Ok, I came across an article (in English) from asahi.com about a public library* in Kanazawa (Japan) that "unwittingly allowing access to a listing of former prison inmates from the Meiji (1868-1912) and Taisho (1912-1926) eras."
Seems that Japan passed a privacy protection law (1 Apr 05) that restricts access to personal information. Found two articles on this, from InfoWorld.com (28 Mar 05) and privacycouncil.com (undated).
The public library in question "screened its holdings and struck off membership lists of alumni associations and the like. However, the list of inmates was somehow overlooked."
No wonder the library was taking this seriously. Quote from the Asahi.com article:
A Cabinet Office official in charge of the interpretation of the new law said: "If indeed it is possible to pinpoint the (inmates') descendants, the information becomes live information. If it is disclosed, depending on the circumstances, the library may be subject to punishment."And quote:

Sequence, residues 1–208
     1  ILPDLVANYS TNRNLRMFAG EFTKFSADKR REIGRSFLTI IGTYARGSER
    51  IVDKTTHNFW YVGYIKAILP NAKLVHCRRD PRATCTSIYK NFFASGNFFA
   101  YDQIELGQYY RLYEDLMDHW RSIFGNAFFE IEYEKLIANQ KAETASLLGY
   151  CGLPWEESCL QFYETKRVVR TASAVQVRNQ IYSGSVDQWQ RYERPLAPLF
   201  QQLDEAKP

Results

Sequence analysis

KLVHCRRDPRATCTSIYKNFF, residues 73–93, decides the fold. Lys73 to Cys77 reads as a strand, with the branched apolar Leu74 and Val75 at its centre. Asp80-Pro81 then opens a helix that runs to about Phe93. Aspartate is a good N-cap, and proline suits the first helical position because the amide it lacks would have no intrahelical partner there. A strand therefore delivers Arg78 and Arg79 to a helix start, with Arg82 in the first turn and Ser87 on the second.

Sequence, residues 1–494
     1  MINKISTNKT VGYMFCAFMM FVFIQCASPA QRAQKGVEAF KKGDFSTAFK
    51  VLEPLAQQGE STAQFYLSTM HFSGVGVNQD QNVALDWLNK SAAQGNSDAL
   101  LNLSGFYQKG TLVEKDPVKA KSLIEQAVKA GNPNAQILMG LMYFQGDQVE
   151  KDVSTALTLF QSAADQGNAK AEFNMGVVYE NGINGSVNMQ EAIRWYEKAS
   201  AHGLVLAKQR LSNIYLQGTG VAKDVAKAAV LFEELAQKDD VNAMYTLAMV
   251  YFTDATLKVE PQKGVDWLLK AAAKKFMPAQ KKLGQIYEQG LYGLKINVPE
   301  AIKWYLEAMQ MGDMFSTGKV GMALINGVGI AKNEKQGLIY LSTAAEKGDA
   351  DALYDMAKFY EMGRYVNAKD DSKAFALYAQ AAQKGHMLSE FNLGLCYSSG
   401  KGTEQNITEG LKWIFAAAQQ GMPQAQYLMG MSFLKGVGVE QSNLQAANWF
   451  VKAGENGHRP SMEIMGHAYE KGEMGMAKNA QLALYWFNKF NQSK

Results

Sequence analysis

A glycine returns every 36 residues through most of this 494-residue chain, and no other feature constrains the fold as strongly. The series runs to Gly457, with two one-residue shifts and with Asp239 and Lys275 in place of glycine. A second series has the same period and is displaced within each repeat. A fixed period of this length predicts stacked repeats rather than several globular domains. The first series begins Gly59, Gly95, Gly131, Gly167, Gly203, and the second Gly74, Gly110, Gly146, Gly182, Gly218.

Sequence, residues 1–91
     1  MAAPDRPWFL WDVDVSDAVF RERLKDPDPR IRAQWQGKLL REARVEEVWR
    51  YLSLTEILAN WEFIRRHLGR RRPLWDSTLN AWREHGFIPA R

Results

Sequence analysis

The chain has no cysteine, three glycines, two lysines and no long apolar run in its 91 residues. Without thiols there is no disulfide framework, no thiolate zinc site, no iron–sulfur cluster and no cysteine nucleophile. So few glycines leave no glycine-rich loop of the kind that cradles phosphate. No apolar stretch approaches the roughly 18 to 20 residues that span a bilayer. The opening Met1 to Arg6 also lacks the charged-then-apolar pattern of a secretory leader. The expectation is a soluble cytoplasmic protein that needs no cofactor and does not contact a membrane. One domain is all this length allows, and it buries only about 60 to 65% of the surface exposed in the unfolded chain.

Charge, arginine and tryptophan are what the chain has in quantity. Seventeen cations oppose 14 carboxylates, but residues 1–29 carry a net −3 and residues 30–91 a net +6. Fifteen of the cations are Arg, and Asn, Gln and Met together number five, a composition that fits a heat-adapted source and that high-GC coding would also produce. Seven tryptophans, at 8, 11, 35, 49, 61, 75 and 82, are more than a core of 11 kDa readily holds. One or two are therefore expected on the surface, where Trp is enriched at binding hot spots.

Library official Akio Morishita said: "It was an unfortunate pileup of clerical mistakes. The data hold reference value, and we will hold on to it. But we will not allow perusal, even for research purposes."Cynics out there may ask, "Why keep it if nobody can use it?". But I think it's a logical and far-sighted move by the library not to destroy the item. The law can get repealed or amended, but you can't recreate a historical document.
One more thing: The list specified "names, birthdates, addresses, specific charges such as murder or robbery, and included descriptions of lineage, such as "warrior class" and "commoner.""
Which means while a Kanazawa resident is protected from potential personal embarassment should it be revealed that his forebear was in the list, it also means that someone researching his family tree would have one less resource. A pity then. No law is perfect I guess.
* The library isn't listed in the Kanazawa City website. If you know the URL, please email me.
[Tag:Japan Personal Information Protection]